Slow! Cinephiles writing!

Slow! Cinephiles Writing

Postcard from Los Angeles, by Mike Everleth

Gang,

You’re making me dizzy. So many great points to respond to! But, I have to start here:

Andrew said: “the cinephile label is what separates writers and commenters on mubi.com from those at movies.com.”

Funny you brought that up because I used to make a living as a writer for movies.com! (Back when it was owned by Disney.) Clearly, movies.com wasn’t and isn’t made for cinephiles, but I just need to say that if I ever knew a dude who I thought was a cinephile, it would be reviewer Dave White, who still writes there.

But that also leads into Frances’ excellent points about the importance for “slow” film criticism to exist. (Someone needs to mock up a street sign: SLOW! CINEPHILES WRITING!)[done!-ed]. The Internet really has gone from mostly a place where one could find great, detailed, obscure information to a marketplace where everybody has to be up on every late-breaking-oh-my-god-this-is-so-important piece of minutiae that zips by at supersonic speeds.

Seriously, who wants to read an in-depth analysis of the early films of Peter Greenaway when the new Smurfs trailer is now live? Certainly there’s a place in the world for slow criticism and oh-my-god-you-have-to-watch-this-right-now-!!! blog posts to exist. But the Smurfs trailer is going to win out both financially and culturally every time.

Facebook status updates. Twitter tweets. RSS news feeds. It’s all so much to keep up on that it’s no wonder that we have to start pigeonholing each other. These are the fan sites over here. These are the cinephilia sites over there. But, who am I to complain? I’ve spent years trying to build myself up as the “underground film guy” and now I’m nervous that’s all anyone’s ever going to think of me. Hey, I saw Thor … and I liked it!

Frances, you also asked me specifically if I thought digital technology has had a significant impact on political filmmaking. Sadly, no I don’t, and I think it should. Sure, there’s the one-offs like Suki Hawley and Michael Galinsky spending seven years making the doc Battle of Brooklyn, which is now on the fest circuit. And the London Underground Film Fest and the One+One Journal instigating a political short filmmaking challenge.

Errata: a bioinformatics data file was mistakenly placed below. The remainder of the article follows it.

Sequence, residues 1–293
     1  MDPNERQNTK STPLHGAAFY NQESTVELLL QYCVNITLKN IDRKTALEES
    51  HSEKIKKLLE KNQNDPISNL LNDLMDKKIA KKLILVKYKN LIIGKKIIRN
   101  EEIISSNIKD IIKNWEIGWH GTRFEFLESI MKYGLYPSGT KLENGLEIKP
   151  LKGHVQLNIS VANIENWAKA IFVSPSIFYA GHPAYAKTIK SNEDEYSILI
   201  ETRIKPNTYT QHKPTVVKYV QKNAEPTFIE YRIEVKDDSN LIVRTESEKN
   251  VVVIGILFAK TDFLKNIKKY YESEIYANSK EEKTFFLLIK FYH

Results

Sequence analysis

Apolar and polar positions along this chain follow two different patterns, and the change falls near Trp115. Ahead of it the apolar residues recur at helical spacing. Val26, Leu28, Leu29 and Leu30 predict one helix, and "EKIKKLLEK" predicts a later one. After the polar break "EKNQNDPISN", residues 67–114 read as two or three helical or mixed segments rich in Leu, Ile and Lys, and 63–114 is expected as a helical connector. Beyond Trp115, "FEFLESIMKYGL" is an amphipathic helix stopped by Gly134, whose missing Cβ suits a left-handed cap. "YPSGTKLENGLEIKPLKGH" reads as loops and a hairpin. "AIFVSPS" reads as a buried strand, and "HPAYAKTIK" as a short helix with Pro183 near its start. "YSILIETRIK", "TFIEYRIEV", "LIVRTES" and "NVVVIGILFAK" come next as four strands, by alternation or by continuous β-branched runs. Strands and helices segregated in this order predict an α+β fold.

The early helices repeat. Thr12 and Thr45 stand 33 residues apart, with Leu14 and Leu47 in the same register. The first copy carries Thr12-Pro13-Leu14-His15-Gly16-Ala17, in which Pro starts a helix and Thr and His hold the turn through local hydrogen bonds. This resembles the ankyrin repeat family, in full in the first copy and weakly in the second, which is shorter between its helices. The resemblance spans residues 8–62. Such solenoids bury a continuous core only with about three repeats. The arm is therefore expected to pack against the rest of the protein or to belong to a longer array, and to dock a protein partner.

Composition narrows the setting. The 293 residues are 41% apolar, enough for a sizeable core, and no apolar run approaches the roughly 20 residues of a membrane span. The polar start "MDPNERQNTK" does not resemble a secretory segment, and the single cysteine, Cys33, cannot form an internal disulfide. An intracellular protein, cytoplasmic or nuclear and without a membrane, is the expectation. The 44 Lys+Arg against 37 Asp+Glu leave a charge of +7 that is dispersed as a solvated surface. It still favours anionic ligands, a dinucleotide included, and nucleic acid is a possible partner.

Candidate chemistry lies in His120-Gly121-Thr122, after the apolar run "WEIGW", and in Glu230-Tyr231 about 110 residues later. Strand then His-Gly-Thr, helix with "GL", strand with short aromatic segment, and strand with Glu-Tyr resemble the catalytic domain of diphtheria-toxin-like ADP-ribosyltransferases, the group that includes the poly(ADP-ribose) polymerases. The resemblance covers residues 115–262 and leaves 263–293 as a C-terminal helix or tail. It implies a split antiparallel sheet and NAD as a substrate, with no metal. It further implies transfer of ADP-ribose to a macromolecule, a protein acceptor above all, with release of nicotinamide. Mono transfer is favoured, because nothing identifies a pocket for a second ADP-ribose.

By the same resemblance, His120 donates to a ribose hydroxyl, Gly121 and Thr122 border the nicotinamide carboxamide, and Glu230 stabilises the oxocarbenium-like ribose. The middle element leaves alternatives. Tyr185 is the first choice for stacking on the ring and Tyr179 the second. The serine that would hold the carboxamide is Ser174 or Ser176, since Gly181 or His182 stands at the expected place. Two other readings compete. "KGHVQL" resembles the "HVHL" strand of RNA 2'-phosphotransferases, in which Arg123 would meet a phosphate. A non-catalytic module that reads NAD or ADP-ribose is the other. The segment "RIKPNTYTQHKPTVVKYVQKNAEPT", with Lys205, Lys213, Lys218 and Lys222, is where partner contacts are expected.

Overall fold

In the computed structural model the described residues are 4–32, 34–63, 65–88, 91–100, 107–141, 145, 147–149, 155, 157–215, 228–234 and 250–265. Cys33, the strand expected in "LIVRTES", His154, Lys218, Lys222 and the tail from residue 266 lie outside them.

Actually, filmmaker donna k. recently wrote an impassioned essay on the need for art to speak out on injustice that is terrifically inspiring. I hope some filmmakers take up her call.

And that’s why I do wallow in the underground. I like making these connections with filmmakers. Plus, I hope my promoting them inspires others to create, whether it’s making their own films or writing about other people’s creative endeavors. I think that’s how the medium evolves, through our interactions with each other – the filmmakers with the cinephiles with the critics with the fans, and around it goes.

I’m still not sure if I’m a cinephile. To me, cinephilia meant a removing of oneself from the human interaction of discussing cinema. But, reading how the four of us are actively engaged with the medium we write about, through promotion, film festival programming, distribution, perhaps that’s the new cinephilia we were asked to discuss.

Mike Everleth

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2 thoughts on “Slow! Cinephiles writing!

  1. Pingback: The New Cinephilia: Part II (The Revenge) | Bad Lit

  2. Pingback: The New Cinephilia: Part II (The Revenge) | Underground Film Journal

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